The past seems almost foreign to church planter Jacob Dahl. Like many college students, Jacob went to school anticipating four years of fun and freedom. He dreamed of the secure financial future his engineering degree had practically guaranteed him. But during Jacob’s senior year at Washington State University (WSU), everything changed.
“I remember going to an engineering job fair in 2007,” Jacob says. “There were so many businesses and firms offering opportunities with high starting salaries. I thought, ‘I have nothing to worry about. I’ll graduate and be a success; I will have this lifestyle forever.’ And then I went to get a job at the career fair right before graduating in 2009. There were only two companies there—alone in an empty auditorium.”
The recession felt like a personal blow to Jacob. He grew up knowing about God, but never had a relationship with Him and when he realized what he had been working toward was not going to happen, he lost it. He was caught cheating in his final semester of school.
“I had stopped caring about rules and right versus wrong,” says Jacob. “I should have gotten kicked out, but my professor gave me another chance. It was one of many turning points the last first months of my senior year.”
Resonate Church, a North American Mission Board church plant in Pullman, Washington, located near the WSU campus, was hosting a mission trip to Tijuana, Mexico. Jacob had visited Resonate before with a friend. When the pastor mentioned the trip to the congregation, Jacob felt an unexplainable desire to go.
“I wrestled with myself and with God that night around midnight,” says Jacob. “I asked, ‘Have I done too much bad stuff to go on this trip? I’m not sure if I’m allowed to go, but if I am, that’s cool.’”
A few days later, he received a letter from his grandmother with a check for the exact cost of the trip. Jacob called her, curious of what prompted her gift and she told him God had woken her one night and told her the exact amount she needed to send him. She never asked any questions, she just sent the money.
His grandmother’s faith moved him, and he knew he was suppose to go to Mexico. There, he met his best friend and future wife, Jessica.
“In Mexico, everything began to really shift,” says Jacob. “I had realized, before, that my worldly life was falling apart, but the Tijuana mission trip was what sealed the deal. After that trip, everything was stripped away. I became a new creation, and I got to know Jesus personally.”
Six weeks after the mission trip, Jacob had was baptized and graduated college. While searching for a full-time job, Jacob interned at Resonate Church, where he ran into Jessica again.
“She was on staff at Resonate, and she was just as beautiful as I remembered her being on the trip,” says Jacob. “And she was walking with Jesus.”
Dahl left the church internship to work for WSU at the campus lab.
“I was an engineer there for about two years,” says Jacob. “It was a fun job, and I made great money, but, eventually, I was restless in the soul. So, I did what I had done before the Tijuana trip. I prayed.”
“I was no longer trying to do it all myself,” Jacob says. “Instead, I was giving it to God and asking Him what He had for my life.”
One Saturday, Jacob was reading Isaiah when he had a remarkable experience.
“It was like God was in the room,” says Jacob. “And He told me, clearly, that He was calling me to lead ‘My people.’ All I had been asking for was what He wanted me to do next with my life. And He answered.”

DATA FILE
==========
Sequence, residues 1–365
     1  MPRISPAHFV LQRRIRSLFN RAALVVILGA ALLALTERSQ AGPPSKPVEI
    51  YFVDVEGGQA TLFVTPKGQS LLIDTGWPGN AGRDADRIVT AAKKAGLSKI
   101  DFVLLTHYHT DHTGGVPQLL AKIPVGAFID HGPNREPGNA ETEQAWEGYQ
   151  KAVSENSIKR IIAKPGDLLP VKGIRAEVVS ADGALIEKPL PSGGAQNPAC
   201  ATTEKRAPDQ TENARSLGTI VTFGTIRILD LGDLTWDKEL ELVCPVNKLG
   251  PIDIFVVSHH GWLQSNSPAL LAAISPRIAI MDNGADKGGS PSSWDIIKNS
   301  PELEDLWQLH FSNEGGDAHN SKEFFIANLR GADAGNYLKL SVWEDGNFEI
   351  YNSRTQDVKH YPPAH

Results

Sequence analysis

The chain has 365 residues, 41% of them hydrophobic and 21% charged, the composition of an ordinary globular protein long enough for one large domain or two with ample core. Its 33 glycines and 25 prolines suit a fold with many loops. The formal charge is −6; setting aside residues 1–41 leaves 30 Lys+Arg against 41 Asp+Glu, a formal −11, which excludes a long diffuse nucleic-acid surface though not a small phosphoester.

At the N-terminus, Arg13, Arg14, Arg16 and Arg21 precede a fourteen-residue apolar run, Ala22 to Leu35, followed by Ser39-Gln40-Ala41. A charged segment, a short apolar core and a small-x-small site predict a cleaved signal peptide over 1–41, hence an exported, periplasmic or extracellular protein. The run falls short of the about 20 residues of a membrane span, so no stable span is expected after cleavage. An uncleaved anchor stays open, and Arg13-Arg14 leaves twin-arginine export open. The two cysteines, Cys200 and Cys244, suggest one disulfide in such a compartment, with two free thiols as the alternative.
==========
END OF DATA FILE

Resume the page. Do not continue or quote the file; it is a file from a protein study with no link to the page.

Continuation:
In fall, 2013, Jacob joined the pastoral staff of Resonate Church, and in May 2014, Dahl left Resonate at WAU to plant Resonate in Ellensburg, a city that is home to 11,000 college students at Central Washington University (CWU). During that time, he also married Jessica.
“Shepherding was the last thing I saw myself doing,” Jacob says. “I’m strategic thinker and an introvert. I get to lead this church plant with my wife by my side. She ministers to students on college campuses and helps everyone, especially the women’s ministry and young girls.”
At Resonate Church, Jacob is currently the lead pastor. Approximately 1,000 out of 11,000 college kids are attending church every week. That’s less than 10 percent of students who are engaged in the gospel weekly.
“It rocks me that about 10,000 kids are not in church or even a Bible study,” says Jacob. “Without His Word and a solid community of believers, kids can get lost and easily distracted in the world. I did.”
Jacob and other pastoral staff at Resonate Church plants have planned and planted six sites around college campuses that connect the gospel to people, people to community and community to the mission of Jesus. The Resonate Church staff, including all plants, are currently praying and preparing to plant 21 churches in the next five years.
“In 2021, we hope to have 21 campus church plants across America,” Jacob says. “We’re calling it the 21 to 21 campaign.”
And the 21 to 21 plan is already in action. In 2017, Resonate Church planter Colin Luoma is taking a team of 15 people from the Resonate Church plant in Ellensburg to develop one in Monmouth, Oregon.
“We’re looking to go deeper and reach more people with the gospel,” says Jacob. “Anything is possible with the Lord. I’ve witnessed it and been a part of His limitless plans. I am where I am today because of Him.”
Southern Baptists gave more than $58 million to the AAEO in 2016. Everything given to this offering goes straight to the mission field in North America and helps start and support church plants like Resonate in Ellensburg.
You can give to AAEO any time at AnnieArmstrong.com.
Published March 8, 2017